Monica Cannon says her teenage son has grown up in Roxbury watching his friends get shot, one after another. He has been threatened with murder nine times himself.
“We have real-life conversations,” Cannon said. “When I can sit down with my 15-year-old son and he says to me: ‘I don’t want to be cremated. I want to be buried’ — there’s an issue.”
Cannon, 33, offered testimony Tuesday at a public hearing at the State House in support of a sweeping bill to toughen the state’s gun laws. The measure, unveiled last week by House Speaker Robert A. DeLeo, contains more than 40 provisions that include expanding police discretion of a person’s “suitability” to own a gun and stepping up scrutiny of private sales.
A large contingent of gun-rights activists pushed back against the bill at the packed hearing before the Joint Committee on Public Safety and Homeland Security, saying that the bill infringes upon the rights of lawful gun owners and that it will not reduce crime. Many of the few hundred in the audience wore stickers or carried signs in support of advocacy groups.
Representative George Peterson Jr., Republican of Grafton and the assistant House minority leader, said the bill gives an impression that lawful gun owners are the problem, rather than aiming at street crime. In particular, he criticized the clause that would give police discretion to deny a permit for a rifle or a shotgun if an applicant is deemed unsuitable.
“I have never committed a crime. I have never been treated for a mental illness. I have never been treated for alcoholism,” Peterson said. “But I might, under the way this bill is proposed, be ineligible because I don’t know what the suitability standards will be.”
He asked for a standard defined in law, a requirement that police state the reason for license denial in writing, and an appeals process.
“A lot of chiefs just refuse to issue licenses because they don’t want their constituents to have guns,” he said.
Peterson received raucous applause from gun-rights supporters, as did Jim Wallace, head of the Gun Owners Action League, who also criticized the suitability clause.
“To expand something that has been so widely abused is simply unconscionable,” he said. “The burden must be on a public official who wants to remove my civil rights.”
Wallace urged the Legislature to revisit the bill, which he said was not nearly hard enough on street crime. He supported parts of it, such as having Massachusetts join a national database for criminal and mental health background checks.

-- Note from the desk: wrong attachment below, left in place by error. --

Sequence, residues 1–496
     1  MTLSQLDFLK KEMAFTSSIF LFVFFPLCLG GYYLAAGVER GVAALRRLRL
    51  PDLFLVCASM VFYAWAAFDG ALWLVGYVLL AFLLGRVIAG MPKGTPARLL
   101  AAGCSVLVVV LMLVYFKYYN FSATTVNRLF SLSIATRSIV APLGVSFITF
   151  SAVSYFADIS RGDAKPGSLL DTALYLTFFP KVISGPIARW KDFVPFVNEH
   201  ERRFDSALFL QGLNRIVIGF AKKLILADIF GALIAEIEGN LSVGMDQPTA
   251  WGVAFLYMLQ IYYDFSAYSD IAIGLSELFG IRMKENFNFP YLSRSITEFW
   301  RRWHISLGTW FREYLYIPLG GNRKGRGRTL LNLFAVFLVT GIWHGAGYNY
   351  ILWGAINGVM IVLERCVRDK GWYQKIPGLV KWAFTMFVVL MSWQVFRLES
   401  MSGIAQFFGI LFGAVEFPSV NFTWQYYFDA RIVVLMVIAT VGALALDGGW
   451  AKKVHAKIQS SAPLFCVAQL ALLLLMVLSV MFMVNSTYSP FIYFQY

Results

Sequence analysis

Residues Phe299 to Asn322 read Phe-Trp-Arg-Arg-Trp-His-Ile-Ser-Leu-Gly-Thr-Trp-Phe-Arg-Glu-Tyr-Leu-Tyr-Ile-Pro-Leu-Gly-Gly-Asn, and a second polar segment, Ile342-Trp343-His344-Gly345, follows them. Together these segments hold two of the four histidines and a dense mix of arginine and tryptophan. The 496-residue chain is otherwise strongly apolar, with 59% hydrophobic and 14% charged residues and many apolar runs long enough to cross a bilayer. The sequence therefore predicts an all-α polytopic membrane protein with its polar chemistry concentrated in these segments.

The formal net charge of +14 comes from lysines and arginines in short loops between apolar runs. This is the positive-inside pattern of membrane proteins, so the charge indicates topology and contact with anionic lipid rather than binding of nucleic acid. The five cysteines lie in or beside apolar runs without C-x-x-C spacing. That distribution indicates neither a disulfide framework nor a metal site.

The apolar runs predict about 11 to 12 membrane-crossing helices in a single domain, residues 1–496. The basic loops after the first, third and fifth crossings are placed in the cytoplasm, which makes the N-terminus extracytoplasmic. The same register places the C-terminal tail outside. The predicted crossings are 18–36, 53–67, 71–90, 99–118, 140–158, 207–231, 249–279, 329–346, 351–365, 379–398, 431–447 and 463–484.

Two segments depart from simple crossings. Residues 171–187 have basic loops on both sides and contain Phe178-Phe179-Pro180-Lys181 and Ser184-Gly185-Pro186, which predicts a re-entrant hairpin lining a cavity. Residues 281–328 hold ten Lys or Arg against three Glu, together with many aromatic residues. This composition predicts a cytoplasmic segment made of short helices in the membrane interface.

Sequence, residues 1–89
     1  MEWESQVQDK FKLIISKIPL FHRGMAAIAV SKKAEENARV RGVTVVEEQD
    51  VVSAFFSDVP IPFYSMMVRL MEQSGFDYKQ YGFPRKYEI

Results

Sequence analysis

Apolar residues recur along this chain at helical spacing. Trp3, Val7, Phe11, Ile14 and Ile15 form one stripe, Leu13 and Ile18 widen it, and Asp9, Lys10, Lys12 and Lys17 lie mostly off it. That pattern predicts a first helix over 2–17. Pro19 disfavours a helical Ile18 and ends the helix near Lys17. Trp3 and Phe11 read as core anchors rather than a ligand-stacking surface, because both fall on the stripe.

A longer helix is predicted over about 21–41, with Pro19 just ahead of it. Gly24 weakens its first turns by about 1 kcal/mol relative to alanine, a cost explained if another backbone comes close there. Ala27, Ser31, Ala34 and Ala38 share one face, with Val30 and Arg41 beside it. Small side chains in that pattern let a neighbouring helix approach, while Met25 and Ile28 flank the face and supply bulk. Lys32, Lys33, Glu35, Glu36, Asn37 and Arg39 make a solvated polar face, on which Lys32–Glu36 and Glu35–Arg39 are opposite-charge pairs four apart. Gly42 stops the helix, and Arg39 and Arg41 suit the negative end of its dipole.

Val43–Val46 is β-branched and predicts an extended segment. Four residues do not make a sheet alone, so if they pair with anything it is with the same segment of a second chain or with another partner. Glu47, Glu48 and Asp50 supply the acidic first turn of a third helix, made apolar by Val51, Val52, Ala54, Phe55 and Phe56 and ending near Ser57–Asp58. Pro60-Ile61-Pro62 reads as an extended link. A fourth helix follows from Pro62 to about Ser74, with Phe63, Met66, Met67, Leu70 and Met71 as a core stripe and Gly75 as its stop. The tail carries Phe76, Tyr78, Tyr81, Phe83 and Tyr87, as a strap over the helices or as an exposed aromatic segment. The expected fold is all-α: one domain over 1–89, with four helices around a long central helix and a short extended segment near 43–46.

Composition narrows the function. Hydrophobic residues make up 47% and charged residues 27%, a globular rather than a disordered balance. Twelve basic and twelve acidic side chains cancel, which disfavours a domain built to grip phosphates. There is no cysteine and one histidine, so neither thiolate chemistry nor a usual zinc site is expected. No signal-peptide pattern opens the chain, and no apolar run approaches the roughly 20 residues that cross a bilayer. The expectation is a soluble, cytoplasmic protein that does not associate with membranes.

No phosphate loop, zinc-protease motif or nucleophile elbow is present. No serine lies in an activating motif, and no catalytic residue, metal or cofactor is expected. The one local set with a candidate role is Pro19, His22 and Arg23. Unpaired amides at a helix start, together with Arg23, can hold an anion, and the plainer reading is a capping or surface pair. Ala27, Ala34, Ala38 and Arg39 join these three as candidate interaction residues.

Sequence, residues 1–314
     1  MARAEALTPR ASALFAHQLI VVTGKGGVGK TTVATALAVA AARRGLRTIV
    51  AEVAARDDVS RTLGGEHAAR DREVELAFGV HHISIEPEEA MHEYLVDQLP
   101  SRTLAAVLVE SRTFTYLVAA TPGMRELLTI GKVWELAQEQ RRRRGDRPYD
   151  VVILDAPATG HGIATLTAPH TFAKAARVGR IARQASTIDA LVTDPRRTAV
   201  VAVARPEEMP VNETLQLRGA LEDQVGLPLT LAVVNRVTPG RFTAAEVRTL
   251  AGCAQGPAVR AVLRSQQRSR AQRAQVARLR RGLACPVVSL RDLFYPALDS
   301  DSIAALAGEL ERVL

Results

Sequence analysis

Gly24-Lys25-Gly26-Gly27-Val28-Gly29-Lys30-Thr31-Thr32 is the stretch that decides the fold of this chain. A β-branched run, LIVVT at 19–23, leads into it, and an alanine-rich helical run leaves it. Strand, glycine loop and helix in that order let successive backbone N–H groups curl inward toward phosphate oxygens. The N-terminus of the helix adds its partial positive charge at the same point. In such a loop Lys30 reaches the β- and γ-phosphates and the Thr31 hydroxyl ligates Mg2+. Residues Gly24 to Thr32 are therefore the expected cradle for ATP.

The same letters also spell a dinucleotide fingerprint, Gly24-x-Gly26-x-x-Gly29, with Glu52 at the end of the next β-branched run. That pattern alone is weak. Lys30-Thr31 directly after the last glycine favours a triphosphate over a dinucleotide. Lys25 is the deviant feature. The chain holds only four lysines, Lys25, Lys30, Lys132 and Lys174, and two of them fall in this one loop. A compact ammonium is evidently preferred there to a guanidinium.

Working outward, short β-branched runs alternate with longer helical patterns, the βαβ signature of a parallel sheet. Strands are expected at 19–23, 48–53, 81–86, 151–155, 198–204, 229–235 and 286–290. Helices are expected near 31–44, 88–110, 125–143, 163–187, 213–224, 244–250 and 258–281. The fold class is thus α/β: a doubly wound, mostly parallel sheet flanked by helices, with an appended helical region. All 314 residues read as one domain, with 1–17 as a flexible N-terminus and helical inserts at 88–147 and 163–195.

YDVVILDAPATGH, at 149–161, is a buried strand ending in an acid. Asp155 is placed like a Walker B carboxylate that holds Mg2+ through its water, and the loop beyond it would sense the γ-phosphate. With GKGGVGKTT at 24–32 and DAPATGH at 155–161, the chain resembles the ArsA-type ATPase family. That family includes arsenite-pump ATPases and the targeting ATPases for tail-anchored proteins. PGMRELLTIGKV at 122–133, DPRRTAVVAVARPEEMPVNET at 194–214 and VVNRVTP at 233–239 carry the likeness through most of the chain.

Attorney General Martha Coakley told the panel that the bill addresses the critical intersection of many issues: gun violence, suicide prevention, mental health care, domestic violence, and school safety.
“The fact that we’ve seen tragedy after tragedy and yet the federal government has still failed to pass a federal assault weapons ban or any firearms legislation on the national level is unfathomable,’’ said Coakley, who is seeking the Democratic nomination for governor.
State Treasurer Steven Grossman, a Democrat who is also running for governor, also spoke in favor of the bill. “Gun laws save lives,” he said.
The bill could be the most comprehensive update to state gun laws in 16 years. DeLeo has said gun-violence prevention cannot be put on hold while awaiting federal action, citing the 2012 Sandy Hook Elementary School shooting as a catalyst for the legislation. DeLeo has said he hopes for final passage of the bill by the end of the legislative session July 31.
Representative Jeffrey Sánchez, a Jamaica Plain Democrat, told the story of a childhood friend who was fatally shot near the Longwood medical area just five weeks ago.
“People are dying in streets all over this Commonwealth relative to gun violence,” Sánchez said.
Massachusetts has the nation’s second-lowest rate of gun-related deaths, but homicides committed with firearms have been on the rise since passage of the state’s last comprehensive gun-control package in 1998. In 2011, there were 122 such homicides, an increase from 65 in 1998.
Cannon, the Roxbury mother, said she knew five young people, including the son of a friend, who have been killed in the neighborhood in the past five years. “You get to see firsthand what a mother goes through when her child is murdered,” she said in an interview.
Earlier, she asked the audience: “How long do I have before my son is tired of running?”Claire McNeill can be reached at email@example.com. Follow her on Twitter @clairemcneill.